Canada's health care spending growth slows


Provincial and territorial government health expenditure expected to grow 3.1%, lowest since 1997

OTTAWA, Oct. 30, 2012 /CNW/ - Total health care spending in Canada is expected to reach $207 billion in 2012, averaging $5,948 per person. Figures in National Health Expenditure Trends, 1975 to 2012, released today by the Canadian Institute for Health Information (CIHI), show that the pace of growth is slowing.

Modest economic growth and budgetary deficits are having a moderating effect. For the third straight year, growth in health care spending will be less than that in the overall economy. The proportion of Canada's gross domestic product (GDP) spent on health care will reach 11.6% this year—down from 11.7% in 2011 and the all-time high of 11.9% in 2010.

"Provincial and territorial governments today are focused on controlling health care costs," explains CIHI's President and CEO, John Wright. "Unlike in the past, they're not cutting programs as much as looking at improving productivity, reducing overhead, controlling compensation and seeking value-for-money initiatives."

Slower growth in hospital, drug and physician spending

Hospitals (29.2%), drugs (15.9%) and physician services (14.4%) continue to account for the largest shares of health dollars.

Compensation paid to health care providers has been one of the most significant cost drivers of hospital and physician spending. Increases in compensation due to higher demand as well as to

growth in the number of hospital workers and physicians have contributed to higher spending during the last decade. Controlling the cost of health professional services and changing scopes of practice have been priorities for jurisdictions. In 2012, hospital spending will grow by 3.1%, while payments to physicians will increase by 3.6%. These will be the lowest rates of growth since the late 1990s.

The growth rate for drug spending will fall to 3.3% in 2012, down from 4% last year. Drug spending growth rates have trended downward over the last 10 years. This decline is likely due to fewer drugs coming on the market in the last decade, many blockbuster drugs coming off patent and jurisdictions introducing generic pricing controls.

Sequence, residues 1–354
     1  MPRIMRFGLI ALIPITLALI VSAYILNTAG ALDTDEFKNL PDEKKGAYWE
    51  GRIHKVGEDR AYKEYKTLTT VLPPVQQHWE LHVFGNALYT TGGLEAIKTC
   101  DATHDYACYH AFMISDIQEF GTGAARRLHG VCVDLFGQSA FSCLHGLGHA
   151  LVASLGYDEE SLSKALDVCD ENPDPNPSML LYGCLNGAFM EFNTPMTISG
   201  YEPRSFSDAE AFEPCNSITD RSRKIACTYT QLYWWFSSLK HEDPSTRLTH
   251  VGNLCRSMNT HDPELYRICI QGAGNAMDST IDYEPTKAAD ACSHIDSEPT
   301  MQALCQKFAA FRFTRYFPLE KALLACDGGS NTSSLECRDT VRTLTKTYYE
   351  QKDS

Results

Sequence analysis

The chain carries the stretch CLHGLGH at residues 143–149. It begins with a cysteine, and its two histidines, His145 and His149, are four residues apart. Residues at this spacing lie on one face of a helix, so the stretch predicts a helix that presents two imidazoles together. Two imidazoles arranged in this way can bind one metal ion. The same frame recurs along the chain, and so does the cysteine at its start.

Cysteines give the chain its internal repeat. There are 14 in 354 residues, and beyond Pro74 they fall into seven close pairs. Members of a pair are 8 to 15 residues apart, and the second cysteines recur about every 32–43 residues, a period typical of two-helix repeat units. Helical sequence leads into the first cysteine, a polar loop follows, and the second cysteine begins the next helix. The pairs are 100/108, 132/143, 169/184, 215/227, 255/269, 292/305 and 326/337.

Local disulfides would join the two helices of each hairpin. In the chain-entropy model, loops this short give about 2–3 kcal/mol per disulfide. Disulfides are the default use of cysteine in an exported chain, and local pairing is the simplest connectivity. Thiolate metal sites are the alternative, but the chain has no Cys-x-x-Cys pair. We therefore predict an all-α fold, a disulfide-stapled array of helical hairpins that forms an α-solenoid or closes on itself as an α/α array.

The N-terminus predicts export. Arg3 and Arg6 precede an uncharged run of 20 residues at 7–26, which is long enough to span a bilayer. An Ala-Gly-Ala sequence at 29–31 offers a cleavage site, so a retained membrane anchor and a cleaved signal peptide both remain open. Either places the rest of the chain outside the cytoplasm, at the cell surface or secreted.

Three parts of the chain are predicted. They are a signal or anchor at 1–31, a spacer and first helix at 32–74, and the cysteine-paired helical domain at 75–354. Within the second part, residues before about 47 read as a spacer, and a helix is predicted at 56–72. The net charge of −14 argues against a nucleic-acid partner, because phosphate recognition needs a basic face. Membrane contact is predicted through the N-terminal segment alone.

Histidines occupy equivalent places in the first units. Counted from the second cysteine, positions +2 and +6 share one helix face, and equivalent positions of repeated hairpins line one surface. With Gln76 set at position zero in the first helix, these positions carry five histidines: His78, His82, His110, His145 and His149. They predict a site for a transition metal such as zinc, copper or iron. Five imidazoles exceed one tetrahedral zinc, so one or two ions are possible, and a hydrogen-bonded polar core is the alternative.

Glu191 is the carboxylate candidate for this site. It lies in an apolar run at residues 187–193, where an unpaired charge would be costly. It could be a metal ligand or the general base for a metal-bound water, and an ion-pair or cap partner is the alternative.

"Compensation is one area of focus for some jurisdictions as they wrestle with controlling their health spending," explains Jean-Marie Berthelot, Vice President of Programs at CIHI. "Other initiatives, such as Lean projects to improve efficiencies in delivering care and changing generic drug pricing policies, are key to managing costs."

Variations in provincial/territorial government spending on health

Provincial and territorial governments are forecast to spend $135 billion in 2012, accounting for 65% of total health expenditure in the country. Provincial and territorial government health care spending continues to vary by province, with spending per person expected to be highest in Newfoundland and Labrador and Alberta, at $5,190 and $4,606, respectively. Quebec and British Columbia are expected to have the lowest health expenditure per capita, at $3,513 and $3,690, respectively.

"Provincial spending can be affected by differences in population health care needs, health system structure and health personnel compensation," says Mr. Berthelot.

While population aging has been a modest cost driver overall, accounting for 0.9% of average annual growth in health care spending from 2000 to 2010, the impact varied by province. It was more significant in the Atlantic provinces and Quebec than in Ontario and the west.

In 2011, the latest year for which data is available, health care was estimated to account for about 38% of provincial/territorial government spending; this share has been relatively stable for more than five years. However, it varied among the provinces in 2011, from 30.1% in Quebec and 35.8% in Saskatchewan to 44.3% in Manitoba and 47.9% in Nova Scotia.

During the past decade, provincial and territorial government per capita health spending increased by an average 5% per year. In 2012, provincial growth rates will range from 4.9% in Prince Edward Island and 4.1% in Newfoundland and Labrador to 0.7% in New Brunswick and 1.2% in Ontario.

Other highlights

  • Health system decision-makers will face the challenge of finding appropriate care for older Canadians that balances access, quality and appropriateness of care on the one hand and cost on the other. In 2010, the latest available year for data broken down by age group, per person spending for seniors increased with age: $6,223 for those age 65 to 69, $8,721 for those 70 to 74, $12,050 for those 75 to 79 and $20,113 for those 80 and older.
  • For more than a decade, the public sector has accounted for about 70% of the total health care bill and the private sector for 30%.
  • Among 30 countries in the Organisation for Economic Co-operation and Development (OECD) that had comparable accounting systems in 2010, the latest year for which data is available, spending per person on health care remained highest in the United States (US$8,233). Canada was in the top quartile of countries in terms of per person spending on health, spending US$4,445; this amount was similar to those for several other OECD countries, including Denmark (US$4,464), Austria (US$4,395) and Germany (US$4,338).

The report and the following figures are available from CIHI's website, at

Figure 1: Total Health Expenditure, Canada, 1975 to 2012 (Figure 1 in the report)

Figure 2: Total Health Expenditure, Annual Growth Rates in Constant 1997 Dollars, Canada, 1976 to 2012 (Figure 2 in the report)

Figure 3: Total Health Expenditure per Capita, Canada, 1975 to 2012 (Figure 5 in the report)

Figure 4: Total Health Expenditure as a Percentage of Gross Domestic Product, Canada, 1975 to 2012 (Figure 7 in the report)

Figure 5: Total Health Expenditure per Capita, U.S. Dollars, 30 Selected Countries, 2010 (Figure 44 in the report)